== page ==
Saturday, May 29, 2010

The Making of the British Landscape

I’ve just finished reading the 800-odd pages of The Making of the British Landscape (ISBN 9781846142055) by Francis Pryor, who many will know from his TV appearances on Time Team, as well as Britain BC and Britain AD, which he adapted from his books of the same name for Channel 4 television. He was a field archaeologist for many years, specialising in the Fenland area of eastern England, and best known for his work at Fengate, Cat’s Water, and subsequently at Flag Fen, on the edges of Peterborough. Previously President of the Council for British Archaeology, he now divides his time circannually between writing, broadcasting, and sheep-farming.

The title echoes W G Hoskins’s The Making of the English Landscape, first published in 1953, which I read when I was a teenager. It made quite an impact on me, and I have been interested in the development of these countries’ landscapes (my interest is also in Wales and Scotland) ever since.

Hoskins wasn’t much help with towns and cities, and I sometimes struggled to apply the ideas from his book to the landscape I was looking at, it all seemed so much more complicated, the land being – that wonderful word – a palimpsest of thousands of years’ changes. To be fair to Hoskins, he was inventing a new discipline, in effect, making it up as he went along, and we know so much more, and have so many more scientific techniques, nearly sixty years later. Online resources now mean that some areas of the country can be researched using the Historic Environment Records, Extensive Urban Surveys, Historic Character Assessment Reports, or a more specific example, the Cornwall Industrial Settlements Initiative. But all this new information needs fitting into the larger context to fully understand it.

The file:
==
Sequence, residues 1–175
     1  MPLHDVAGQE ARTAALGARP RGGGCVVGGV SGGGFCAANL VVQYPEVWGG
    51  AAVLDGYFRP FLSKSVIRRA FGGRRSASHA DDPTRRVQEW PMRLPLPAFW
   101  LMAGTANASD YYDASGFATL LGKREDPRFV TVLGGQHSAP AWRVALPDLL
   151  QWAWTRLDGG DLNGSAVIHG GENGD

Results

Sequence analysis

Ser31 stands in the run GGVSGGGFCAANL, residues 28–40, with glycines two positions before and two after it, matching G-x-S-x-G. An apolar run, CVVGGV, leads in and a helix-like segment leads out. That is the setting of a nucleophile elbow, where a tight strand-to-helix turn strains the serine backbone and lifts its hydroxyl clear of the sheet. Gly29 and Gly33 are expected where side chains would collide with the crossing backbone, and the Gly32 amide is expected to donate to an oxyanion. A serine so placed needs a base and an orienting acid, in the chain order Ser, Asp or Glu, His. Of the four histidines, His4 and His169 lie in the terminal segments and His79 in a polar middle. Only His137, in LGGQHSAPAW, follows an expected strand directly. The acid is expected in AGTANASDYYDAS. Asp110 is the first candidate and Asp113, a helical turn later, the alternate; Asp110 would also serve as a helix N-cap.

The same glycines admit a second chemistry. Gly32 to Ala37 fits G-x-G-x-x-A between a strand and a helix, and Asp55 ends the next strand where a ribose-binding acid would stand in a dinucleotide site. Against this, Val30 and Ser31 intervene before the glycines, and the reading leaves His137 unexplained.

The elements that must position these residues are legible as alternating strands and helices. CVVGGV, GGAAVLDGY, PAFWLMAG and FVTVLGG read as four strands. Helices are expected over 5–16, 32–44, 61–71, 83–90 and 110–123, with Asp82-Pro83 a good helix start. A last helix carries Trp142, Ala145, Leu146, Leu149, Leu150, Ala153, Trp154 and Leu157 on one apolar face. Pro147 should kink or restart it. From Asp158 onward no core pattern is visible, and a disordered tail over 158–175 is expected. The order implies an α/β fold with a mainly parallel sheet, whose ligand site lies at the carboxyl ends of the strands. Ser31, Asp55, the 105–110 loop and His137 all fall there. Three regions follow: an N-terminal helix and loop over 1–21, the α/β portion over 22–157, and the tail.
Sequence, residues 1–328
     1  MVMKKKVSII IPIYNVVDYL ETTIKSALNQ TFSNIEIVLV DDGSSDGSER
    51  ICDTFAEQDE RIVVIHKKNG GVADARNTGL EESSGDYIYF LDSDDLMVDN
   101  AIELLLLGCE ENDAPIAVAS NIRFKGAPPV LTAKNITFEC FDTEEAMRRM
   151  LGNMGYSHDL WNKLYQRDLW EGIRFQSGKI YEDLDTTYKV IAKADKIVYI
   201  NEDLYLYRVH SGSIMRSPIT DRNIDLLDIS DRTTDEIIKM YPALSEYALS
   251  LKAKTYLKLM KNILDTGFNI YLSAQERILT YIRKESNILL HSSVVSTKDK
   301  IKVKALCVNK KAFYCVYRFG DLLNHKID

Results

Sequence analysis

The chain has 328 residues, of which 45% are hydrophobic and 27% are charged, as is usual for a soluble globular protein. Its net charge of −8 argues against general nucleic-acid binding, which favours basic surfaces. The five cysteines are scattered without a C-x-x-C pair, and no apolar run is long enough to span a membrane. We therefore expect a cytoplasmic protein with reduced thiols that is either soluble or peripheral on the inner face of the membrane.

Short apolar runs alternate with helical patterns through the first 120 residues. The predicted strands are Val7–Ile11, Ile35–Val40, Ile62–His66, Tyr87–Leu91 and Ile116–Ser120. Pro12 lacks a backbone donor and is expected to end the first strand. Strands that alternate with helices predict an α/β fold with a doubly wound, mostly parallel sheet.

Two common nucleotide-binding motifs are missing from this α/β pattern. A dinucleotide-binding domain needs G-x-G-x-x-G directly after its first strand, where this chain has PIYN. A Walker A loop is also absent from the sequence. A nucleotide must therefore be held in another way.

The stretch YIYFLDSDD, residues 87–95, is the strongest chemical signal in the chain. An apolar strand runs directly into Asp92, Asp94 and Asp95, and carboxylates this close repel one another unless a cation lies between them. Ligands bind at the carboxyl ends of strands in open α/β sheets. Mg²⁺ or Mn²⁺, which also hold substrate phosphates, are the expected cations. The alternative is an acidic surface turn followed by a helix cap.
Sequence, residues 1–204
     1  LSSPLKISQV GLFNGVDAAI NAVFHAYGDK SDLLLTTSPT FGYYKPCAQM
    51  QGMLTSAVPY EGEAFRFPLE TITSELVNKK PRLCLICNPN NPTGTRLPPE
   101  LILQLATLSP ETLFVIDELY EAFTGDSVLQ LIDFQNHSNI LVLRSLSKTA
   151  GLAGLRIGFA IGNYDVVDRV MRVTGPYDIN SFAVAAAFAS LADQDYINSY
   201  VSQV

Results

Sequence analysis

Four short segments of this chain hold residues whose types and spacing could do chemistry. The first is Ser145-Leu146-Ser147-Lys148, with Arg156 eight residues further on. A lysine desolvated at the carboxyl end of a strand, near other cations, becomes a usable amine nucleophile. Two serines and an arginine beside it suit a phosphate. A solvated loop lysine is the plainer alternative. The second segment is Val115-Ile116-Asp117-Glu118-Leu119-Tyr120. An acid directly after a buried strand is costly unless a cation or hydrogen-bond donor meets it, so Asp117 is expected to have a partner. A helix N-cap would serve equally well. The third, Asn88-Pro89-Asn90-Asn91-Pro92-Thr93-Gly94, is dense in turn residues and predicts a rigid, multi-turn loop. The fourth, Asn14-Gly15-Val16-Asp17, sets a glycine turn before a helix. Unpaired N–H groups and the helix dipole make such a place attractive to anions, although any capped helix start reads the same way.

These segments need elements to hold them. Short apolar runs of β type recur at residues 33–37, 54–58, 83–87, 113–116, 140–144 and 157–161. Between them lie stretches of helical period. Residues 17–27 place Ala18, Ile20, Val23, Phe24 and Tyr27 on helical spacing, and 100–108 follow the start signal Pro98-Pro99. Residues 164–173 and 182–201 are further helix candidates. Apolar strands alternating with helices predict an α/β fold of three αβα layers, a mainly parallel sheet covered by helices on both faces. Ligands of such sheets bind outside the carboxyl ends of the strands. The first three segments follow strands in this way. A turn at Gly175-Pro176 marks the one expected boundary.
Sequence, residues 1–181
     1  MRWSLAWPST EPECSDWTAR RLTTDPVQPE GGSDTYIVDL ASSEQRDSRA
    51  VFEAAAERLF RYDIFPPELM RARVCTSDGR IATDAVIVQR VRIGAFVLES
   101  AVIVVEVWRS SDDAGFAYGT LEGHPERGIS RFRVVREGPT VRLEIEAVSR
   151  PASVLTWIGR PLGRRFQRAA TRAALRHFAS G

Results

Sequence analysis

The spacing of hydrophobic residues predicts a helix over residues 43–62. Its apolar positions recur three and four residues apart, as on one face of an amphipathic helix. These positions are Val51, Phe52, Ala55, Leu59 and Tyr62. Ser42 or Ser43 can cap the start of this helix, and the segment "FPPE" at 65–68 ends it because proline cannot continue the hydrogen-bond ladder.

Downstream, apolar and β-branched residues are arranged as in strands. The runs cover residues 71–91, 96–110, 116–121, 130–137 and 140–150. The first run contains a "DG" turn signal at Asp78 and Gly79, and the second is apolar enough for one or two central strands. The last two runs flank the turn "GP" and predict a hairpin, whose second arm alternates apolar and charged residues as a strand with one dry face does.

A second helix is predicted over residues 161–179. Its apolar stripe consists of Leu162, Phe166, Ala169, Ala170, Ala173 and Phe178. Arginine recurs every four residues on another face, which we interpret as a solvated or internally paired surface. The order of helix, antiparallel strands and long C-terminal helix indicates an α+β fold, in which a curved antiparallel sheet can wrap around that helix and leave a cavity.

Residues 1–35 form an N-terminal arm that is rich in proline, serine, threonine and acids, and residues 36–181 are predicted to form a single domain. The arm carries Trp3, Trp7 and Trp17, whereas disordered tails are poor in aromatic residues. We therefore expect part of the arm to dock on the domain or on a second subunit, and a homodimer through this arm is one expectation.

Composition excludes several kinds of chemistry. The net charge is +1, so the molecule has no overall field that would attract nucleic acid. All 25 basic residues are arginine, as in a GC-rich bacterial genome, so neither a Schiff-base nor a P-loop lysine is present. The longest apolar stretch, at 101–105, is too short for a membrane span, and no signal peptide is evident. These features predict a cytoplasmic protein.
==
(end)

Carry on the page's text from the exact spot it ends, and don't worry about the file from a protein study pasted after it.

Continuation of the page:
So a new book on the subject, a big fat one at that, is much to be welcomed. With the subtitle ‘How we have transformed the land from prehistory to today’, the book is arranged chronologically, and its scope is vast – starting with the retreat of the ice, Palaeolithic hunters, and rising sea levels in the Mesolithic flooding the plains and wetlands of Doggerland to create the North Sea and English Channel, taking us through to the present-day ‘Sat Nav Britain’. As Francis says, taking us from one time of major climate change to another.

There is a lot of historical and archaeological information to put things into context here; obviously very strong on the archaeology, but also covering, inter alia, architecture, industrial archaeology, garden history, geology, and planning policy. As usual, Francis doesn’t shrink from taking a polemical view, and if that stimulates debate, for example about planning or industrial agriculture (or soil-mining as I think of it), then so much the better.

Our modern landscape is strongly influenced by the underlying geology, soil, and what went before. Learning to unpick the details is enjoyable, making a walk an informative and interesting activity, rather than a pointless ramble. I’ll never have enough knowledge to be a Stewart Ainsworth, but this book provides the material to enrich any walk, urban or rural.

With its enormous breadth in time and subject matter, and covering the whole of Great Britain in varying amounts of detail, I can’t imagine anyone not gaining a lot from reading this book. It’s well-illustrated with maps, figures, colour plates, and monochrome photos (which could perhaps have been reproduced more clearly, but are far better than those in the proof copy I saw). There are copious endnotes, a ‘further reading’ section, a bibliography, a glossary and an excellent index. It’s a proper size, too, quarto rather than a large coffee-table book.

There is more information and a short interview with Francis on the Penguin website, and he’s at the Hay Festival on June the 3rd.

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